Stimulants are the most widespread medications approved by the Food and Drug Administration (FDA) (De Sousa & Kalra, 2012) and is associated with potential risks and adverse effects, which prompts people to investigate its’ effectiveness in treating children. Stimulant medications, including amphetamine and methylphenidate can have a paradoxical effect on children with ADHD, by calming and possibly improving both their cognitive and non-cognitive symptoms. The release of stimulants in the pre-frontal cortex can subsequently increase the levels of dopamine, which are neurotransmitters that regulates emotional responses such as attention and pleasure (De Sousa & Kalra, 2012). However, the specific mechanisms of these stimulants may differ, in which some stimulants may either increase dopamine by blocking the presynaptic dopamine transporter or may stimulate the release of vesicular dopamine stores in the presynaptic terminals (Bidwell, McClernon, & Kollins, 2011), using the dopamine transporter as a carrier (Lakhan & Kirchgessner, 2012). As children with ADHD exhibits lower levels of dopamine, this is an effective method of gradually increasing its’ levels and in turn, regulate the child’s motivation, attention and memory formation. Although stimulants are associated with an exceptional response rate, some children with ADHD may exhibit a poor toleration or a lack of response to this treatment (Martinez-Raga et al., 2017). Therefore, the effectiveness of stimulant medications can vary depending on the individual with ADHD.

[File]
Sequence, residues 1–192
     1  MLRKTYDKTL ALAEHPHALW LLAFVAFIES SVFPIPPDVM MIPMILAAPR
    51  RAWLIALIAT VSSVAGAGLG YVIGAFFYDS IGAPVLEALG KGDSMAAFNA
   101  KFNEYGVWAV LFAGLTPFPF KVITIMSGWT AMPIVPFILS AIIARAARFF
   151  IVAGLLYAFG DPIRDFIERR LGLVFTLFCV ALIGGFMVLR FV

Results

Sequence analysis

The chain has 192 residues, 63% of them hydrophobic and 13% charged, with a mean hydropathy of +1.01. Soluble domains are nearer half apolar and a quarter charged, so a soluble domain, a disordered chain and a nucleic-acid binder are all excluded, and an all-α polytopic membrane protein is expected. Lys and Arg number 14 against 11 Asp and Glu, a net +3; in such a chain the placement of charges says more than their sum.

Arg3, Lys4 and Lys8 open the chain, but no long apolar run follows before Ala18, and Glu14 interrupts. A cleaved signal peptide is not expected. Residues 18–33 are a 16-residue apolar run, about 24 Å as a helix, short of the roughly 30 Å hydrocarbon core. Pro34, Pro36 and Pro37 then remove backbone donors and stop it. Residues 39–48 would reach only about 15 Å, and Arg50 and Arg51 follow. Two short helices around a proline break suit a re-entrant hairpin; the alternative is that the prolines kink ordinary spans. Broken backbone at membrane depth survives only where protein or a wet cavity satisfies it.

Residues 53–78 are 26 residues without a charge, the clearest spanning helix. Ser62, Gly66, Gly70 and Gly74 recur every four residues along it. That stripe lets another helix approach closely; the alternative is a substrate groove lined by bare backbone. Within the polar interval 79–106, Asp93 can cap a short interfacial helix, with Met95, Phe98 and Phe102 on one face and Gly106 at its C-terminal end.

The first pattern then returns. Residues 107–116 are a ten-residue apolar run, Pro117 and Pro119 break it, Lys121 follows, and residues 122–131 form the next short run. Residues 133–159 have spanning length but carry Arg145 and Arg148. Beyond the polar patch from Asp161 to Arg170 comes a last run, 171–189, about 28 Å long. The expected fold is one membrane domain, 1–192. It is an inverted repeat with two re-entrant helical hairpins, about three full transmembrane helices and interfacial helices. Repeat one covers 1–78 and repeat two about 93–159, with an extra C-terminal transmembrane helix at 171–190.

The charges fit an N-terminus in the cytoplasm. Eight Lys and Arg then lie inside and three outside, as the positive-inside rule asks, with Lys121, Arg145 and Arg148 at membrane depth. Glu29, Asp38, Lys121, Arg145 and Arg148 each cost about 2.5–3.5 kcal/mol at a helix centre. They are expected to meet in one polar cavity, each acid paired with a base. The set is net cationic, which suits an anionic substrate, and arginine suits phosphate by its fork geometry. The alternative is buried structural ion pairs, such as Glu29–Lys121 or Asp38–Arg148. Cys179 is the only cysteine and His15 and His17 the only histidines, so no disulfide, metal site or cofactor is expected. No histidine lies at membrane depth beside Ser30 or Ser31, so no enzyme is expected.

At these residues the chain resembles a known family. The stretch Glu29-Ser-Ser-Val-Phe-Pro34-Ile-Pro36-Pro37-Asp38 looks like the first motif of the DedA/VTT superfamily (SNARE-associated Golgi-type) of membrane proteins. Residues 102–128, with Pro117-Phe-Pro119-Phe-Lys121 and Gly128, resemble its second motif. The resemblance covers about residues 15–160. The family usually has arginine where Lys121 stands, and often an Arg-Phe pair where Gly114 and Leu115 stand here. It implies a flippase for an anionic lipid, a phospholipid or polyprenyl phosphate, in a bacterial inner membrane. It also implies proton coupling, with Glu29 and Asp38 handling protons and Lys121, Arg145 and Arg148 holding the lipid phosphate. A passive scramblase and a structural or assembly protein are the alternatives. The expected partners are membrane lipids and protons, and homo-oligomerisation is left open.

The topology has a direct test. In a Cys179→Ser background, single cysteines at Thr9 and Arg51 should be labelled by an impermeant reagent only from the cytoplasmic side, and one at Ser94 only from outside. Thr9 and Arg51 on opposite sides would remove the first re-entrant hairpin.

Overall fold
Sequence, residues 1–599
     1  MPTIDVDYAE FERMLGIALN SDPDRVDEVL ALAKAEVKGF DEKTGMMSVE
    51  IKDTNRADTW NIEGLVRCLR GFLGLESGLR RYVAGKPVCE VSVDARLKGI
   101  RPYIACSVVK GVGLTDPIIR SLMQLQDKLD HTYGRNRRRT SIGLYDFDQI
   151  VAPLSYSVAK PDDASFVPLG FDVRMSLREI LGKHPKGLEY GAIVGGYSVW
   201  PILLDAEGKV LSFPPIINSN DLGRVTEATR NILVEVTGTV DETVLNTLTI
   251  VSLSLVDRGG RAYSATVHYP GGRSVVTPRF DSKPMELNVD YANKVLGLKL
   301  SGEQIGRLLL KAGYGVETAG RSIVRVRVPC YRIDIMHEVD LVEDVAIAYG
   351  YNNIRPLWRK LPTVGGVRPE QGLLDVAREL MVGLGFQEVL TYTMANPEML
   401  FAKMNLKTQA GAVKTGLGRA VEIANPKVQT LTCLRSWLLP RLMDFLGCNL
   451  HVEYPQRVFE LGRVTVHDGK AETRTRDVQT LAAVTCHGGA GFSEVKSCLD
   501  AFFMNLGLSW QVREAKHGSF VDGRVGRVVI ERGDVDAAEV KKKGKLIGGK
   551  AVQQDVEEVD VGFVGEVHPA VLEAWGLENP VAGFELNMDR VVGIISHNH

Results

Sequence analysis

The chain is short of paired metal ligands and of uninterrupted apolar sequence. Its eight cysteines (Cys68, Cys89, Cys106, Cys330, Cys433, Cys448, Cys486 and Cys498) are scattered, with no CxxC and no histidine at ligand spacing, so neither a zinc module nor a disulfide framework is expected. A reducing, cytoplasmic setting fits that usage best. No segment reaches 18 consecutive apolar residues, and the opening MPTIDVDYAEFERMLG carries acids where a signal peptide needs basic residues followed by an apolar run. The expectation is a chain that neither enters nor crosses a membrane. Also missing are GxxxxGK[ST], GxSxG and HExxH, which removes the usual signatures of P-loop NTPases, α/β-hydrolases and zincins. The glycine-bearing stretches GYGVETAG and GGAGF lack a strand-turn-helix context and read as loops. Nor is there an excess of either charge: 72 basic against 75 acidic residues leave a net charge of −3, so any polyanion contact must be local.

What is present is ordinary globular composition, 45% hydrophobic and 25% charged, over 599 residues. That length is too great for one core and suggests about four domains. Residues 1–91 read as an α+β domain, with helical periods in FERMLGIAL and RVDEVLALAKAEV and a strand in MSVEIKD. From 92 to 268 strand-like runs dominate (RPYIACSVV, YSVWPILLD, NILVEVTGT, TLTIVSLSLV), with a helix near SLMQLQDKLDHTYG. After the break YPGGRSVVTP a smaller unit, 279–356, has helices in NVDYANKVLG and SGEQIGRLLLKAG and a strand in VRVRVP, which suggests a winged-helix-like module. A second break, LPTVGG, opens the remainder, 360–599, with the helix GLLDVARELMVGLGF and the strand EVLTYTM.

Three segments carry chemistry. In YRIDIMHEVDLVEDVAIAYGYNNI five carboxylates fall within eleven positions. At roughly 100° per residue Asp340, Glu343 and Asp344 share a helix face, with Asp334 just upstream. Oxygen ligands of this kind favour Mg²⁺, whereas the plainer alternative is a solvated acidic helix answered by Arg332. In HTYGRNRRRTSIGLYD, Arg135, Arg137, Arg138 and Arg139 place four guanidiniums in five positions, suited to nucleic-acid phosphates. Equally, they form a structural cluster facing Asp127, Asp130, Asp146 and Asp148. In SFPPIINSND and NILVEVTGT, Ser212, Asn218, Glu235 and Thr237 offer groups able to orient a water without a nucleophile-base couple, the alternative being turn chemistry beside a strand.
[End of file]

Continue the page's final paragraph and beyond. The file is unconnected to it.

Stimulant medications may effectively treat or improve attention deficit in individuals with ADHD. In particular, methylphenidate can significantly increase dopamine levels in the ventral striatum, a region of the brain associated with decision making and reward-related behaviours (Lakhan & Kirchgessner, 2012). Moreover, this increase in the ventral striatum may enhance the saliency of the task and thus, improve attention in ADHD (Lakhan & Kirchgessner, 2012). Although stimulants may improve sustained, focused attention, selective attention and distractibility may worsen due to an increase in impulsivity (Lakhan & Kirchgessner, 2012). As children with ADHD exhibit decreased activity in ventral striatum during reward anticipation (van Hulst et al., 2017), stimulant medications will therefore improve those cognitive deficits. Particularly, in the medial prefrontal cortex, impaired reward anticipation behaviours often correlates with impaired decision making and learning in children with ADHD (Hauser et al., 2014). However, there are minimal evidence that supports the effectiveness of stimulant medications on decision-making, with some suggesting that stimulants do not ameliorate the decision-making deficits (DeVito et al., 2008). In addition to this, many studies still fail to indicate that stimulant medications can alter a child’s academic performance or learning (Neef, Bicard, Endo, Coury, & Aman, 2005). However, according to Felt’s study, it may improve their learning and academic perfomrnace, as they are less likely to be held back a grade (Felt, Biermann, Christner, Kochhar, & Harrison, 2014). Therefore, its effectiveness in treating children with ADHD remains controversial and thus, further research is required.